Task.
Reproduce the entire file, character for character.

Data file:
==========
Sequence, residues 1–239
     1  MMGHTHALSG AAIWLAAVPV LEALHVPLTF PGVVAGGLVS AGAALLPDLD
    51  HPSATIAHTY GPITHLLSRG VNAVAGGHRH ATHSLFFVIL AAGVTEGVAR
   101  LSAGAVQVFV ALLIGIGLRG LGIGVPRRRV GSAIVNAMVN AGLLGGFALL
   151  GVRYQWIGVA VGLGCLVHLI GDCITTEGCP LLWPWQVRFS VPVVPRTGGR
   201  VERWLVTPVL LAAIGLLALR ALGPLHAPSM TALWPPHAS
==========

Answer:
Sequence, residues 1–239
     1  MMGHTHALSG AAIWLAAVPV LEALHVPLTF PGVVAGGLVS AGAALLPDLD
    51  HPSATIAHTY GPITHLLSRG VNAVAGGHRH ATHSLFFVIL AAGVTEGVAR
   101  LSAGAVQVFV ALLIGIGLRG LGIGVPRRRV GSAIVNAMVN AGLLGGFALL
   151  GVRYQWIGVA VGLGCLVHLI GDCITTEGCP LLWPWQVRFS VPVVPRTGGR
   201  VERWLVTPVL LAAIGLLALR ALGPLHAPSM TALWPPHAS